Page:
The Communist’s Daughter is the story of Katia, a young woman has grown up amongst the ruins of the once mighty Berlin, now shattered by Allied bombs. In their tiny, freezing flat, Katia’s father teaches her of the righteousness of the new Soviet republic, who will always keep watch over them. A chance encounter with a man from the west causes Katia to realise there might be more to life on the other side of the wall. But blinded by the first blush of love, she fails to understand that it’s not what lies ahead, but what she will leave behind.
The novel was first published in Spain, where it won the Premio Ojo Crítico for best fiction of the year along with numerous accolades and praise. Tinder Press have just published the novel in English for the first time, translated by Katie Whittemore. Here, Katie talks to author Aroa Moreno Durán about the origin of the story, her research for it and the experience of being translated.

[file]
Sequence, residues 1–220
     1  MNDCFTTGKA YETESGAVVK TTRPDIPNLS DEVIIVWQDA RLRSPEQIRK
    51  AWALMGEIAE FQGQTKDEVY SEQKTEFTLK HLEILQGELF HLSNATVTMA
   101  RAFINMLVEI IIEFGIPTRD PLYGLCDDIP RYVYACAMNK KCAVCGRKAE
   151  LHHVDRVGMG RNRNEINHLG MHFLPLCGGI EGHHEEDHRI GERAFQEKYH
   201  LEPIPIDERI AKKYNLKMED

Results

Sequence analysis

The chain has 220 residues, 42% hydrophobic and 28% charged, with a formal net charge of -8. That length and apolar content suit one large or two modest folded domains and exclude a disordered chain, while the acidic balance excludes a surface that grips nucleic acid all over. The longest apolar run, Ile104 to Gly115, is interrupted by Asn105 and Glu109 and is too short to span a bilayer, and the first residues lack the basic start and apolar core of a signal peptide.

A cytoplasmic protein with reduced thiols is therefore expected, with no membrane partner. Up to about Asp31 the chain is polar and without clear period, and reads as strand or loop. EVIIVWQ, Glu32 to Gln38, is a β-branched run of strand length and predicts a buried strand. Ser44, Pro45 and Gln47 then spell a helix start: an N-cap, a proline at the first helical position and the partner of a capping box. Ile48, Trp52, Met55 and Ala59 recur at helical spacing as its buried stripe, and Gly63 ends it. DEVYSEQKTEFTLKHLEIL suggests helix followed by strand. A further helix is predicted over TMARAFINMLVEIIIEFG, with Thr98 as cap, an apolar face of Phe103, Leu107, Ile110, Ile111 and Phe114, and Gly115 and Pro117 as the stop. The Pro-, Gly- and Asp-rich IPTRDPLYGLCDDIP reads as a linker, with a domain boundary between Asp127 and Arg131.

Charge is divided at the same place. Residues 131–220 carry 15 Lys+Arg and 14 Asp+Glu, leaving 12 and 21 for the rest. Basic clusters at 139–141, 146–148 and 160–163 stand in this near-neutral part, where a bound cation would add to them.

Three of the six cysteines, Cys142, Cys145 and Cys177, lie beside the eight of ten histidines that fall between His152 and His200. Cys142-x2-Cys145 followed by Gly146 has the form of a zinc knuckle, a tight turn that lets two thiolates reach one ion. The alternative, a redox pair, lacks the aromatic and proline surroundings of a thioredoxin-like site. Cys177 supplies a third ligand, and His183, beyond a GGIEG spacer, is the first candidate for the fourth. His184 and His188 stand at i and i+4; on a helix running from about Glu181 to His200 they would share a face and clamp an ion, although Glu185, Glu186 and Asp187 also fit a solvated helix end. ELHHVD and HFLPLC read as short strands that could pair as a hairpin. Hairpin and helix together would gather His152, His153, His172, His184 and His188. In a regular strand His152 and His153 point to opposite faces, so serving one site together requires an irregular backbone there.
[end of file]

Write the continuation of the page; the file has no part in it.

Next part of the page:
KW: Tell us about the seed for the story in The Communist’s Daughter.
AMD: I came across this story by chance and couldn’t say no; the story was just asking to be told. I’m also a journalist, and when I was on an unrelated assignment, someone mentioned a story about Spaniards in the GDR. No one had ever really written about the Spanish exiles who made their lives in Communist Germany following the Spanish Civil war. My reporter’s antennae perked right up and led me to it, that feeling you get when you come across a story that hasn’t been told before. I was immediately drawn in: it was about exile – a topic that has always interested me – about people being displaced and questions of identity, and to top it off, it took place in Berlin, a city I had recently visited and where I wished to set a novel, but I had no idea how I was going to approach it.